Talking with composers: Victoria BondInterview
200 years after the birth of Clara Schumann - pianist, composer, and famed wife of Robert Schumann - composer Victoria Bond’s biographical opera, Clara, sees its full North American premiere. Bond’s operatic telling of the story of Clara and Robert is onstage for two NY-based performances: November 8 at Symphony Space in New York City, and November 10 with the Rhinebeck Chamber Music Society in Rhinebeck, NY.
We spoke with Bond about what she finds so operatic about Clara and Robert’s story, and the surprising realities of life as a composer.
What about the story of Clara and Robert Schumann appealed to you? What makes the story operatic?
The story of Clara and Robert is a fascinating love story because it is so timeless and because they communicated their innermost feelings for each other in music. I quote fragments of music from Clara, Robert and Johannes Brahms, and have woven my own original music around their melodies, rhythms and harmonies.
It is a passionate story, as Clara’s father did everything in his power to prevent their marriage and the couple had to defy him in order to marry. It is also a tragic story, as Robert’s mental breakdown impacted their lives. It is ultimately a story about music itself, and its power to transform.
What do you find most exciting, and most nerve-wracking, about hearing your work premiered?
The premiere in Germany was particularly exciting because the cast had rehearsed for six weeks and performed the opera eleven times! This is unheard of for most composers, particularly American composers. We are generally lucky if we get two weeks of rehearsal and two or three performances.
As a conductor myself, I was so impressed with the skill and dedication of the cast and instrumentalists, particularly Berlin Philharmonic musician Michael Hasel who conducted the performances. I knew I was in good hands under his direction!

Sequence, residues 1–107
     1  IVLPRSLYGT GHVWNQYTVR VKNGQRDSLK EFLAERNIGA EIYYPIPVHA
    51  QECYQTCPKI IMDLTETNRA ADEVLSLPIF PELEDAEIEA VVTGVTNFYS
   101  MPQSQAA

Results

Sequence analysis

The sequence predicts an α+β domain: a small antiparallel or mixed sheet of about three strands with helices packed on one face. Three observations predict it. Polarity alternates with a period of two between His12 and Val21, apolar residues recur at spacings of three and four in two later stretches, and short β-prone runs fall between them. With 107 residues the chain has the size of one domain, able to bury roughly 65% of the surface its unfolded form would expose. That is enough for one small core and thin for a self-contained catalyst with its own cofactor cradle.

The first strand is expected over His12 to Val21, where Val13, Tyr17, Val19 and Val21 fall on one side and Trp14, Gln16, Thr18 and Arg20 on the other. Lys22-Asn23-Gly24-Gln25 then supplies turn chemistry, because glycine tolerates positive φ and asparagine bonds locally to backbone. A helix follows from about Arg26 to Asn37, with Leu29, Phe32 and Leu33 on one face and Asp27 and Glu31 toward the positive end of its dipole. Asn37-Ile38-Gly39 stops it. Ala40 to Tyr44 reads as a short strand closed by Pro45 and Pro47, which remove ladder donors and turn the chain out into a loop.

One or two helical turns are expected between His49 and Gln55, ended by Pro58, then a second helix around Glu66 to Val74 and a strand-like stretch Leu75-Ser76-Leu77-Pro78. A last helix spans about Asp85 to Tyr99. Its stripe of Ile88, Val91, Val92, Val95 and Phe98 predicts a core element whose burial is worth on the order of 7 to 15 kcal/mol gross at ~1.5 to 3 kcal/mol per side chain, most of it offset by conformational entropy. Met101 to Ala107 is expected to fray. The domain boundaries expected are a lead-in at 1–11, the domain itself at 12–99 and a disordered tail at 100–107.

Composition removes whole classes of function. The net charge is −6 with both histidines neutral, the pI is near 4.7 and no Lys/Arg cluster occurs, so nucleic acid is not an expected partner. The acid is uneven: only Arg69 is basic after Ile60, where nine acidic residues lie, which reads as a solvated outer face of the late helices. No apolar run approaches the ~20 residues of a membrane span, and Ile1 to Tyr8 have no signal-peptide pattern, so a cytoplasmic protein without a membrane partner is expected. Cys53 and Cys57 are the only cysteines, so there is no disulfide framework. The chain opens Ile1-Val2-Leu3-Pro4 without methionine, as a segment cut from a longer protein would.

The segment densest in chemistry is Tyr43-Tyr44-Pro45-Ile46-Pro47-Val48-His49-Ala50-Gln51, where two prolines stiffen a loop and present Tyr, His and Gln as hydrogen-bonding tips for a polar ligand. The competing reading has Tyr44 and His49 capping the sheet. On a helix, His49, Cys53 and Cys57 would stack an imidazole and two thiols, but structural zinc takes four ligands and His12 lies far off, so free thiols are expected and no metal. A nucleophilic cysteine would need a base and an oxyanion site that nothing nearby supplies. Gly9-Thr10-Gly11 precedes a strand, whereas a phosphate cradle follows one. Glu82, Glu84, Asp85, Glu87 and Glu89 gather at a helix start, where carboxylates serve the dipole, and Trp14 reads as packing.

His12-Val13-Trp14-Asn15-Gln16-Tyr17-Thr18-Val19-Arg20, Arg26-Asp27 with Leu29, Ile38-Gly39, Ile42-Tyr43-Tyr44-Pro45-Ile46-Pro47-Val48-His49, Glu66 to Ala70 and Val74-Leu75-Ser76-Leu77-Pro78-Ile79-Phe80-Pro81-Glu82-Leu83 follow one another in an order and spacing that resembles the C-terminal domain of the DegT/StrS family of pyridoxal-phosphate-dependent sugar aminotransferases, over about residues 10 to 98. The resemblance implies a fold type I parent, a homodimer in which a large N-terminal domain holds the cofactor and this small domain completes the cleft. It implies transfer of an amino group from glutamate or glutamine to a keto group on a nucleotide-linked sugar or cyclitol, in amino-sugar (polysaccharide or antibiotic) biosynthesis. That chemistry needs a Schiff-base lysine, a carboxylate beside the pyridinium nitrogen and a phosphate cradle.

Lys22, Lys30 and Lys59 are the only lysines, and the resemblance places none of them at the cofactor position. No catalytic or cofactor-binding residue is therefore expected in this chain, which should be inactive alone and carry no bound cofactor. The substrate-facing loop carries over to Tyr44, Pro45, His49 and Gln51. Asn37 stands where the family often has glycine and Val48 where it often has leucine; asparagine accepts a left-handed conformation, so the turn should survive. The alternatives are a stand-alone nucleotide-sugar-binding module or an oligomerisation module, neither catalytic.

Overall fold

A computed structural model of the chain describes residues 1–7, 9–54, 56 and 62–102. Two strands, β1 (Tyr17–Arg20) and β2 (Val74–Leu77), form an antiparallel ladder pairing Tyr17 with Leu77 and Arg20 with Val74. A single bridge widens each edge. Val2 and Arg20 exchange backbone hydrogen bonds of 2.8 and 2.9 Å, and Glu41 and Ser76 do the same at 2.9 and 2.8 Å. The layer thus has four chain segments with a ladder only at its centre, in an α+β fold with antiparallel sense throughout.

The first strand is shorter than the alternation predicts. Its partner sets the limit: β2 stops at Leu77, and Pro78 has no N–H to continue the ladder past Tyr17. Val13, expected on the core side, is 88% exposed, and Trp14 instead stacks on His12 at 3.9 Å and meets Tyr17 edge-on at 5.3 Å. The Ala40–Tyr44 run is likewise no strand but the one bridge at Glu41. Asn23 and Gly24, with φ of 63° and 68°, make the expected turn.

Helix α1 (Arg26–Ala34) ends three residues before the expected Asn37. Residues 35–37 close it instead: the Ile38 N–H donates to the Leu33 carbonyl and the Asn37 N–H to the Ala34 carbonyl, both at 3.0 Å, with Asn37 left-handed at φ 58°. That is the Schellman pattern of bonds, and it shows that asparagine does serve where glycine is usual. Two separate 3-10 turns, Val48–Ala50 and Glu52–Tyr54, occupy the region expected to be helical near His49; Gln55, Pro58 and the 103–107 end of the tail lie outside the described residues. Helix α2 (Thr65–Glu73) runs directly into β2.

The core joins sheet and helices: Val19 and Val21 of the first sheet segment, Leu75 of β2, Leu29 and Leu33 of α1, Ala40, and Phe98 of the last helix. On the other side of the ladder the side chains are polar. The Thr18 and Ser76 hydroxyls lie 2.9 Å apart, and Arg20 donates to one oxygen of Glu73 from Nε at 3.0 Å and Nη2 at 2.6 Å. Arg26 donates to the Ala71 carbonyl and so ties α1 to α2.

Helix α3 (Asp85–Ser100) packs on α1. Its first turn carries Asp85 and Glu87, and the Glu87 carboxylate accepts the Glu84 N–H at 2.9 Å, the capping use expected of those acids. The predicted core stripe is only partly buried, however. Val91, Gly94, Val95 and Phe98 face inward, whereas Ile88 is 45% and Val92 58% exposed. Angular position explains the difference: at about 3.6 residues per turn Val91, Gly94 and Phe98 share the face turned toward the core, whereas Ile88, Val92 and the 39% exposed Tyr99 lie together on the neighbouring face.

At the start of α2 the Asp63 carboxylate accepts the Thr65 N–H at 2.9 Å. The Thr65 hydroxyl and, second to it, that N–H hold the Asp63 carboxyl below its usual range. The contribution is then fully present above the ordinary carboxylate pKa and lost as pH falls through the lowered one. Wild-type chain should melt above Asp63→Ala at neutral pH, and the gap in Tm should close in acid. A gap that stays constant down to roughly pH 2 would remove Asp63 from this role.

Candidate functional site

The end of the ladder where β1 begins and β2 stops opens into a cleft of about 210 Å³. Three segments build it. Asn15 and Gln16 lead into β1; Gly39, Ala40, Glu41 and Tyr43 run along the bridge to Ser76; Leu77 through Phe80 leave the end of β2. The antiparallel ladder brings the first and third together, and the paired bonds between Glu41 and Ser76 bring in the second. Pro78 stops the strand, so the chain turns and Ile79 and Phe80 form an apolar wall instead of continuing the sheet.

How do you write music when you’re not feeling particularly inspired (yet)?
I try to write every day and set aside each morning. Inspiration is elusive, but hard work is constant. The best ideas often come at the least expected times, and I want to be able to act on them when they happen, so I am always ready. Besides, there are so many tasks that need to be done which require only hard work and patience. Stephen Sondheim said it so well in his song “Finishing the Hat” from Sunday in the Park with George.
How do you think the perception of being a working composer compares to the reality of the job?
I am quite certain that most people have no idea of what goes into composing. It is generally not accurately portrayed in film, and so much of it is not at all exciting to watch. However, discovering a new idea, a turn of phrase, an unexpected harmony – these are the precious moments a composer lives for!
Do you have a song/album/artist that you’d consider a guilty pleasure?
I am a musical omnivore and do not at all feel guilty about it. I sang lead on a rock album, (The American Metaphysical Circus), performed and recorded the principal role in Harry Partch’s opera Delusion of the Fury and performed a lot of strange and unusual works, both as singer and conductor.
Out of your body of work, what are you most proud of, to date?
That’s a tough one to answer, as my favorite work is always the one I am writing at the moment. Right now I am in the midst of an opera called The Adventures of Gulliver with librettist Stephen Greco and director Doug Fitch. I am also very proud of my opera Mrs. President and, of course, Clara!